Ripudaman Singh Malik, one of two men acquitted in the 1985 Air India terrorist bombings, has been shot to death in Surrey, B.C.
A witness told CBC he heard three shots and pulled Malik from his red Tesla bleeding from a neck wound.
The witness, who asked not to be named, said police were first to arrive at the scene.
A second witness from a nearby business in the 8200-block of 128 Street also identified Malik as the victim.
Surrey RCMP said a man shot at that location at around 9:30 a.m. PT succumbed to his injuries at the scene. They say it appears to be a targeted shooting and are not releasing the victim’s name.
A suspect vehicle was located in the 12200-block of 82 Avenue engulfed in fire, according to police.
Malik, who was in his mid-70s, owned a business near where he was killed.
Malik and co-accused Ajaib Singh Bagri were acquitted in 2005 of mass murder and conspiracy charges related to a pair of bombings in 1985 that killed 331 people, mostly from the Toronto and Vancouver areas.
Of those who died, 329 were aboard Air India Flight 182 when it exploded in mid-air over the Atlantic Ocean on June 23, 1985. Another bomb destined for a separate flight exploded at a Tokyo airport, killing two baggage handlers.
The killings amounted to the worst mass murder in Canadian history. Among the dead were 280 Canadians and 86 children.
RCMP ask for public’s help
On Thursday evening, the Integrated Homicide Investigation Team (IHIT) issued a statement asking the public for help with the investigation into Malik’s death.
IHIT says it’s taken over the file and is working closely with Surrey RCMP and the B.C. Coroner’s Service. Since the shooting took place in a residential area, it says it is “confident” there were witnesses and is urging them to come forward.
Anyone who was travelling in the 8200 block of 128 Street or the area of 122 Street and 82 Avenue in Surrey between 9 a.m. and 10 a.m. on Thursday, especially those with dashcam footage, is asked to contact email@example.com or call 1-877-551-4448.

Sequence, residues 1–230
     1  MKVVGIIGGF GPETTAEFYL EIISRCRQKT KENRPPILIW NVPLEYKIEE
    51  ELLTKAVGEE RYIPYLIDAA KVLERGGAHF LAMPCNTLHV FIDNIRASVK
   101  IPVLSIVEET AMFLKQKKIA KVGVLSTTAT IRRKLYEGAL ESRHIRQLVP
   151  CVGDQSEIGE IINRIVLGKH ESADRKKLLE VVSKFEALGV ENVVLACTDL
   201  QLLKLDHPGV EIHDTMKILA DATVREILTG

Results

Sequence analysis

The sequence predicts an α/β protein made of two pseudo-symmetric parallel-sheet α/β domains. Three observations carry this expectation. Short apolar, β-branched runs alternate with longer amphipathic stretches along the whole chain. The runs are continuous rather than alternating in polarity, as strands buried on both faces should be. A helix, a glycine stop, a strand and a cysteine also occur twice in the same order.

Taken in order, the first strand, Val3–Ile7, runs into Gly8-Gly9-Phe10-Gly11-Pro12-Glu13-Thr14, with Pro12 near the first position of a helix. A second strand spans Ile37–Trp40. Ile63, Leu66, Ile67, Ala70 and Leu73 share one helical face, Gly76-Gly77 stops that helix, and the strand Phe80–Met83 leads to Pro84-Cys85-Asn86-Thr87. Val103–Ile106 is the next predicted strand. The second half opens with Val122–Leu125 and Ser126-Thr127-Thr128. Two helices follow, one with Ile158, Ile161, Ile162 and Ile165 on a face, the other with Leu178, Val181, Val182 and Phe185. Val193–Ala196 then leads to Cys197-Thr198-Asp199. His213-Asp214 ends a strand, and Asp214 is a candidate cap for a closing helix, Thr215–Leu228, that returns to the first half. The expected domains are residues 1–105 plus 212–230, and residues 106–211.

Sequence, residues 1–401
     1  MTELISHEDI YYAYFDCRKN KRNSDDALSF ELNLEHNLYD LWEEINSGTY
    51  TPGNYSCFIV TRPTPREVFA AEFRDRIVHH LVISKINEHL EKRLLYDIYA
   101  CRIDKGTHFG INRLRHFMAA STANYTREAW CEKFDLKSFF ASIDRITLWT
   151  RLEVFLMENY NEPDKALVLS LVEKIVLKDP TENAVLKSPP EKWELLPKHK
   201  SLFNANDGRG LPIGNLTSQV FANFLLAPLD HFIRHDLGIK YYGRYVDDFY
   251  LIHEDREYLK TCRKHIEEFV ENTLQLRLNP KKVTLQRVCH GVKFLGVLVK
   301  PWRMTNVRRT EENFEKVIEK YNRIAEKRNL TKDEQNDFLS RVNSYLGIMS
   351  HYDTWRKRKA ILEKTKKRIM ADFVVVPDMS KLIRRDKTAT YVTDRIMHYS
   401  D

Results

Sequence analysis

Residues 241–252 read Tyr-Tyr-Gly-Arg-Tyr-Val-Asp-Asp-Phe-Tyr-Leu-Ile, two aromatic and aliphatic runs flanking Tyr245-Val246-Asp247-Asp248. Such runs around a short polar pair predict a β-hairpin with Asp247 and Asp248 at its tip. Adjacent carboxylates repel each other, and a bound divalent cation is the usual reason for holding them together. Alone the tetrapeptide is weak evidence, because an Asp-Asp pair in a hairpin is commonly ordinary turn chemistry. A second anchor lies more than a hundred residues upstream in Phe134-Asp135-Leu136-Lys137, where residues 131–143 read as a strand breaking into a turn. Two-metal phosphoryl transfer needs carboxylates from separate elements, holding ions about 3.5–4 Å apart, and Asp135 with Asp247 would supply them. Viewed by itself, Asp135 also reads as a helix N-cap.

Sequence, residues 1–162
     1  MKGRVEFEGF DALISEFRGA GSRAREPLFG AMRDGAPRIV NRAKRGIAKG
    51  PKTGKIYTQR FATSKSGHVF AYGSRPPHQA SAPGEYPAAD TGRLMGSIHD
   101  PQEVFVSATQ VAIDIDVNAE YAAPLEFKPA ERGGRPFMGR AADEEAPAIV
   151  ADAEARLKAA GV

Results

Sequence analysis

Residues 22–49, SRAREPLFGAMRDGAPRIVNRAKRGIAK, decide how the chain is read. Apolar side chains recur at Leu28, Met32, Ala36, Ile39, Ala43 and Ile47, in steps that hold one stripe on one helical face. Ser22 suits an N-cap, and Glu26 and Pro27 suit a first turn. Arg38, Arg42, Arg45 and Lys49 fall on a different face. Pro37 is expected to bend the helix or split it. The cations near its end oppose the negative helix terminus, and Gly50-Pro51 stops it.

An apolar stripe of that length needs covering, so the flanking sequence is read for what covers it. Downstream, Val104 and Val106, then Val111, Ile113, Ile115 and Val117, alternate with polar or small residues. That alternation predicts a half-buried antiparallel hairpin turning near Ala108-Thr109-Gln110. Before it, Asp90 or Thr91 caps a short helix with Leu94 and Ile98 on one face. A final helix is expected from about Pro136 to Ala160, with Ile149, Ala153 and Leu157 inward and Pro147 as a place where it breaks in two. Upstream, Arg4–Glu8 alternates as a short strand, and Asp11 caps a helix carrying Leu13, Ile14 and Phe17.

IHIT says it will provide an update on the investigation at 10 a.m on Friday at the Surrey RCMP Detachment.
Reaction to Malik’s death has been mixed.
“We lost a hero of the Sikh community” said longtime friend Ragibtir Bhinder speaking at the scene of the shooting. “We’d like this man to live a hundred years. It’s hurting us.”
Former British Columbia premier Ujjal Dosanjh, a former acquaintance of Malik’s, said he was a controversial figure.
“One of the other complicating factors is he made a recent visit to India where he wrote a letter in support of [Prime Minister] Modi and his policies and I think that may have reverberated and had implications within the community,” said Dosanjh.
Malik, a successful businessman with significant influence among Canadian Sikhs, sued after his acquittal in an effort to get back $9.2 million in legal fees. He claimed the Crown knew the case fell short of standards, but pursued the case regardless because of pressure from the public.
A B.C. Supreme Court judge rejected Malik’s financial claim in July 2012.
In recent years, Malik served as chairman with Khalsa School and managed two of the private schools’ campuses in Surrey and Vancouver. He was also president of the Vancouver-based Khalsa Credit Union (KCU), which has more than 16,000 members.
Only one man was convicted in relation to the 1985 bombings. Inderjit Singh Reyat served 30 years for lying during two trials, including Malik’s, and for helping to make the bombs at his home in Duncan, B.C.
Crown lawyers alleged the bombing was a terrorist attack against state-owned Air India, an act of revenge by B.C.-based Sikh extremists against the Indian government for ordering the army to raid Sikhism’s holiest shrine, the Golden Temple in Amritsar, in June 1984.
Malik, then 58, and Bagri, then 55, were acquitted after a highly publicized trial that stretched on for two years.
In the end, Justice Ian Josephson found the Crown’s key witnesses, who testified that they heard the two defendants confess, were biased and unreliable.
“These hundreds of men, women and children were entirely innocent victims of a diabolical act of terrorism unparalleled until recently in aviation history,” reads the March 16, 2005 ruling. “Justice is not achieved, however, if persons are convicted on anything less than the requisite standard of proof beyond a reasonable doubt.”
The national Air India inquiry later concluded Talwinder Singh Parmar was the mastermind behind the deadly mid-air bombing. Parmar, 48, was shot and killed by police in India in 1992.
Another suspect, Hardial Singh Johal, died in November 2002.